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Climate change could mean more mercury in seafood

The threat of mercury in seafood was curbed with regulations, but climate change could drive levels back up.

ByAnita CarraherNOVA NextNOVA Next

As temperatures rise, Atlantic cod and other popular seafood species may consume more mercury. Image Credit: piola666, iStock

Mercury in seafood may once again be on the rise, according to new research published this month in the journal Nature.

In the study, researchers looked at methylmercury, a toxic form of mercury linked to cognitive disorders and developmental delays in children. Over the past several decades, regulation efforts have steadily decreased the amount of human-caused mercury flowing into the oceans and into our seafood. But researchers are warning that climate change has the potential to make the neurotoxin a public health concern once again.

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To model the effects of temperature on methylmercury concentrations in fish, the researchers used decades of data on two commonly consumed species, spiny dogfish and Atlantic cod, to build a computer simulation. They discovered that as temperatures rose over time, so too did the amount of food the fish ate. “When you warm [fish] up, they eat more.” Amina Schartup, the lead researcher on the study, told WBUR’s Angus Chen.

There’s nothing inherently wrong with hungry fish. But methylmercury, which is found in ocean water, becomes concentrated as it moves up through the food chain from filter feeders and plankton to larger and larger fish. By the time it reaches, say, a top predator like a bluefin tuna, the neurotoxin can accumulate to amounts that can negatively impact human health. And with fish eating more, more methylmercury is entering the food chain and accumulating at the top.

When the team applied their simulation to Atlantic bluefin tuna, they had similar results. Their model predicted that, by as early as 2030, mercury in tuna could jump to levels not seen since the 1970s, before mercury pollution regulations were put in place—levels well beyond the mercury limits recommended for seafood by the Environmental Protection Agency.

The model also showed that climate change may influence mercury in more subtle ways. During the 1970s, the Gulf of Maine suffered a herring fishery collapse, compromising a major food source for spiny dogfish. In the absence of herring, spiny dogfish switched to squid, an animal higher up in the food chain. Researchers found that this change in diet was substantial enough that methylmercury concentrations more than doubled in spiny dogfish.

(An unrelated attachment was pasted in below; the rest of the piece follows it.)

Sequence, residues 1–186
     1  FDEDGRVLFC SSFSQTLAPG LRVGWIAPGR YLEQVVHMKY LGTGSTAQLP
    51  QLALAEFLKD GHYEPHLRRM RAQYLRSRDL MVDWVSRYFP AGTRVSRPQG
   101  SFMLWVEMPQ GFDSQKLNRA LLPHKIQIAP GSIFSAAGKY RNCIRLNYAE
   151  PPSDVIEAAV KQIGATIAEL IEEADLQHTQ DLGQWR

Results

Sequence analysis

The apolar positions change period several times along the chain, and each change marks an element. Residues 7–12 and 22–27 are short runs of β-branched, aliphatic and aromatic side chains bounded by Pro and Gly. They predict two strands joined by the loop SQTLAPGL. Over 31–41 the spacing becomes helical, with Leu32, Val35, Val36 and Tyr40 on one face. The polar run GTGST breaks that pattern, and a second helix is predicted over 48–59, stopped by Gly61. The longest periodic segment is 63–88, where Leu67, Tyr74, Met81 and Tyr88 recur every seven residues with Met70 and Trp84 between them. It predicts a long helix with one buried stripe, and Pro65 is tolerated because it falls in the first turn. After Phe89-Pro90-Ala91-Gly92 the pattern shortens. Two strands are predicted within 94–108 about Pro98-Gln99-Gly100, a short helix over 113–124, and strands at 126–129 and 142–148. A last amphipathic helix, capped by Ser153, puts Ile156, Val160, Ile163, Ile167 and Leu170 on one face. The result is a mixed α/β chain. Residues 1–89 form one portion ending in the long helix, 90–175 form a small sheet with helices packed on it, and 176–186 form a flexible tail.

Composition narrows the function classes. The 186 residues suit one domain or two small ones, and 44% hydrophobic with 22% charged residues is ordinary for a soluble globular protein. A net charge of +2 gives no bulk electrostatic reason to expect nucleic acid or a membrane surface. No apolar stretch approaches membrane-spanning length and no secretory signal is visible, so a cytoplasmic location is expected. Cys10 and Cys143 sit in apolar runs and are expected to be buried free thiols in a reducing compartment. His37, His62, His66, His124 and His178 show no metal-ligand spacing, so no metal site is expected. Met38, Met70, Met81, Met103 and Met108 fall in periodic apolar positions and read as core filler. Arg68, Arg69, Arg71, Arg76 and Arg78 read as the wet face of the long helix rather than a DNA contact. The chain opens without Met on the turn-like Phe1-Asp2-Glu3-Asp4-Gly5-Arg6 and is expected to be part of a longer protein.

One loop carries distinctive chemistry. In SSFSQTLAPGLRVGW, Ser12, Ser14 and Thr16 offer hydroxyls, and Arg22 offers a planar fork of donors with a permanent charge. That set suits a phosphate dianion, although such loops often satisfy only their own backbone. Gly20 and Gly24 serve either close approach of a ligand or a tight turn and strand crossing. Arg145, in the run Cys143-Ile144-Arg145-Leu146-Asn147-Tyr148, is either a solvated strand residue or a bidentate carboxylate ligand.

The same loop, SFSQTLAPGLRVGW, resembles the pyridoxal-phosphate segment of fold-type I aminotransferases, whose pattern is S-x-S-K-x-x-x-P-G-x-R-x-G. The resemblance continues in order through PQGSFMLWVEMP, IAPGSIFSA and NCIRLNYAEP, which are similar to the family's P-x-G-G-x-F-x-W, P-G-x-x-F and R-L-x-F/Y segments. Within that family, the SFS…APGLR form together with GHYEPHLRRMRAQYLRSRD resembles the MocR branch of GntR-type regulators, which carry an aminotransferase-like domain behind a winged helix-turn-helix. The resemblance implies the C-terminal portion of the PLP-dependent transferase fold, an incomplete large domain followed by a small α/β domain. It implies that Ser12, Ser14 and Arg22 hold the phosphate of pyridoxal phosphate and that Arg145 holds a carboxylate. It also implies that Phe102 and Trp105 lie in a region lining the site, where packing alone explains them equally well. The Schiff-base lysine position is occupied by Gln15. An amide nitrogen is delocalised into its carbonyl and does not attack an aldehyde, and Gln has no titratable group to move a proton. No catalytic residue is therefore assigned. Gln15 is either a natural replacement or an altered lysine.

While sustainable fishing practices can prevent another fishery crash like the one in the 1970s, previous research shows that a few degrees of warming can be enough to drive marine animals out of their natural range. This could lead to dietary changes with effects similar to what was seen in the herring collapse.

“[This is] an important study, showing how the quality of our seafood is intimately connected to a healthy, balanced ocean and that human behaviors—fishing and climate change—directly affect the contamination profiles of that seafood,” Anela Choy, an assistant professor at the Scripps Institution of Oceanography who wasn’t involved in the study, told Ed Yong at The Atlantic.

The study’s findings suggest that, in the presence of global warming, regulations alone won’t be enough to shrink the amount of methylmercury in seafood. What’s more, current regulations on the coal industry, which limit mercury release, could be overturned. The study authors emphasize that a combination of approaches will be necessary to tackle mercury poisoning. “Even if we maintain mercury emissions at a constant rate, we’ll see an increase in mercury levels in tuna just due to seawater temperatures,” Schartup told Yong.

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